(CNN)It started as a hilarious highlight to an otherwise lackluster soccer match: Sutton United’s “roly-poly goalie” Wayne Shaw caught snacking on a pie during the second half of the club’s FA Cup match against Arsenal.
But what began as a lark has ended with gambling investigations and the reported resignation of the much-loved reserve goalkeeper.
The Monday game was billed as the ultimate in David v. Goliath matchups. The Premier League’s fourth-place team, the Arsenal Gunners, were set to travel to Gander Green Lane (capacity roughly 6,000 with a temporary stand to accommodate Arsenal fans) to take on non-league Sutton United, a squad that sits 105 places beneath the Gunners in the standings.
In the second half of the fixture, after Arsenal striker Theo Walcott put the Gunners up 2-0 and Sutton had exhausted its substitutions, cameras caught Shaw on the sideline unabashedly — enthusiastically even — scarfing down what the commentators said was a pie.
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Shaw would later clarify on Twitter that it was a pasty, not a pie. Meat and potato, to be exact. (A pasty is a baked pastry similar to, and in some cases, indistinguishable from, a pie. It has nothing — repeat, nothing — to do with strip clubs or tassels.)
Of course, none of this should’ve caught anyone off guard. Shaw had already made a trip to the bar at halftime, where a BBC reporter captured him hanging out with fans.
It was all fun and games until England’s Football Association and the UK’s Gambling Commission stepped in.
In a statement sent to CNN, an FA spokesman said, “We are investigating to establish whether there has been any breach of The FA rules relating to betting.”
The Gambling Commission also launched a probe, its enforcement and intelligence director Richard Watson said in a statement.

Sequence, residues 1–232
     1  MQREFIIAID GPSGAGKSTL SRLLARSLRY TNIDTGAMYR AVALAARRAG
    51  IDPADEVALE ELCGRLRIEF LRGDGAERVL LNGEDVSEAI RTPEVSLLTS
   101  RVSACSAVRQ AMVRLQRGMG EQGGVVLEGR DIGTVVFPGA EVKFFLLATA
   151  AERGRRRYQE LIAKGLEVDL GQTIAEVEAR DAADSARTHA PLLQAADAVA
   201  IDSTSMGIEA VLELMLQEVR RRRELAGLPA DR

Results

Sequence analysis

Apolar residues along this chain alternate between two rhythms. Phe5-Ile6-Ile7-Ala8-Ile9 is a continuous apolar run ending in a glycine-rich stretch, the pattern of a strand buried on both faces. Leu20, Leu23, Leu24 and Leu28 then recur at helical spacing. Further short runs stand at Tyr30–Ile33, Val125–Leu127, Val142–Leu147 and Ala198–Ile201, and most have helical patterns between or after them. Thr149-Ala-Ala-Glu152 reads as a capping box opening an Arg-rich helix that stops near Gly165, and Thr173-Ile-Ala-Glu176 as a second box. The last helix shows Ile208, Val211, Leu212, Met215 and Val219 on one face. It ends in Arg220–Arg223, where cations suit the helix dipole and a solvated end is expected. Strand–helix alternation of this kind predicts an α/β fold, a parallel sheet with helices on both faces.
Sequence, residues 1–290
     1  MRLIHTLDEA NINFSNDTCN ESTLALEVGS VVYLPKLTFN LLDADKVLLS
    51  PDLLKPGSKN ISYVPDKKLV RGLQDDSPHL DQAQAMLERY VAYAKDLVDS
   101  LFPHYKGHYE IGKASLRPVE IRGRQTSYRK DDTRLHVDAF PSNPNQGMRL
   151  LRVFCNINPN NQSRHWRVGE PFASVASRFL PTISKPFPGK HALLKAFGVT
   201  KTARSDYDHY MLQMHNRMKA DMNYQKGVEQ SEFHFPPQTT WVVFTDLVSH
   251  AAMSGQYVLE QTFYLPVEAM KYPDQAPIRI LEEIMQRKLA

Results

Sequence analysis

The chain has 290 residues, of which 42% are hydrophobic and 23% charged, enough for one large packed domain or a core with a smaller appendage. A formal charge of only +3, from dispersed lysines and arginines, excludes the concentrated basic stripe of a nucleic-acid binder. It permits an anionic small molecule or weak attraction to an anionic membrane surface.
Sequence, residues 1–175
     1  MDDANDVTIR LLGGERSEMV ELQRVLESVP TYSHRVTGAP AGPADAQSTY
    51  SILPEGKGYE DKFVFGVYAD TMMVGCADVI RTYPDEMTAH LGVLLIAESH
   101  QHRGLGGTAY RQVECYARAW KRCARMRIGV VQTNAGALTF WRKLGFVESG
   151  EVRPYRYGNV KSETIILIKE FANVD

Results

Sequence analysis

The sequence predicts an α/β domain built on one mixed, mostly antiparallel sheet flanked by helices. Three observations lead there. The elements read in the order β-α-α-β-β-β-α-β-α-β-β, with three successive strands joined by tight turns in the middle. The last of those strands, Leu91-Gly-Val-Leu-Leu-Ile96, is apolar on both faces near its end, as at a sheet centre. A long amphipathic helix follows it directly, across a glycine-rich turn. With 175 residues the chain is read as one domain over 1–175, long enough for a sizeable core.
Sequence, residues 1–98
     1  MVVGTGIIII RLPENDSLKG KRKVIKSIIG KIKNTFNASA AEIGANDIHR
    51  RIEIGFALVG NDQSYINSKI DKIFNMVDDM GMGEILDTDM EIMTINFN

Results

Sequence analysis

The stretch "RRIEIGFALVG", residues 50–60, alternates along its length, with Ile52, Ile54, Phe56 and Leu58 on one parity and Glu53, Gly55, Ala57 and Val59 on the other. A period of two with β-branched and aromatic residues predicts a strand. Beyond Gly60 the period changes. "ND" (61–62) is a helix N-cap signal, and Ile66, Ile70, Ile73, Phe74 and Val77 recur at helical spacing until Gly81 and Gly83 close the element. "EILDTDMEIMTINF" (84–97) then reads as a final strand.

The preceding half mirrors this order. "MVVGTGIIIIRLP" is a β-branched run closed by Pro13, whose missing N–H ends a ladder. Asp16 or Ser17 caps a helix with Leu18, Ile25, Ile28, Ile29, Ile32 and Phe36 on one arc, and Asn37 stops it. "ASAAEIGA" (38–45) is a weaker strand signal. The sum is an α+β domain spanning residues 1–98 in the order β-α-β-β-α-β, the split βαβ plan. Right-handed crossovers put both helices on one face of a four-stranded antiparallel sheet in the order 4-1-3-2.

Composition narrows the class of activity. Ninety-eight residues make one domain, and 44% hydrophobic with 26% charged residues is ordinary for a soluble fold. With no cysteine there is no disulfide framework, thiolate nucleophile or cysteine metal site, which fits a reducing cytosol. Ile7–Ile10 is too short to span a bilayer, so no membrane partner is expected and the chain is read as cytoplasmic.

“Integrity in sport is not a joke and we have opened an investigation to establish exactly what happened. As part of that we’ll be looking into any irregularity in the betting market and establishing whether the operator has met its (license) requirement to conduct its business with integrity,” he said.
The commission added in an email that it had warned bookmakers in June about potential integrity issues involving “novelty markets,” which include off-the-wall bets on things like pie eating.
Hold on, bets on pie eating???
Yup, pie eating.
When the big fellow began chowing down, the betting service had to pay up. To the tune of at least 10,000 (around $12,500), according to a Sun Bets tweet.
Compounding matters is that Shaw told reporters after the game that he was aware Sun Bets had laid odds on his midgame snack, according to multiple reports.
“A few of the lads said to me earlier on: ‘What is going on with the 8-1 about eating a pie?’ I said, ‘I don’t know, I’ve eaten nothing all day, so I might give it a go later on,'” he said. “I thought I would give them a bit of banter and let’s do it. All the subs were on and we were 2-0 down.
“I went and got it at halftime from the kitchen. I had it all prepared and ready to go. It was meat and potato. … It was just a bit of banter for them. It is something to make the occasion as well and you can look back and say it was part of it and we got our ticket money back,” he added.
Strict rules on gambling
A 2014 edict forbade footballers from gambling, and the rules state that players cannot instruct someone else to bet on a soccer-related matter or pass on information that could assist someone in betting.
Asked if he knew anyone who placed a wager, Shaw replied, “I think there were a few people. Obviously, we are not allowed to bet. I think a few of the mates and a few of the fans.”
On Tuesday morning, it seemed like the hullabaloo would blow over. Tales of Shaw’s joviality spread widely, and the 45-year-old goalkeeper seemed to be enjoying the spotlight during an appearance on “Good Morning Britain.”
Shaw, who also serves as Sutton”s goalkeeping coach and stadium caretaker, laughed along with the talk show hosts as they showed a picture of him vacuuming Gander Green Lane’s field turf in slippers ahead of the Arsenal match.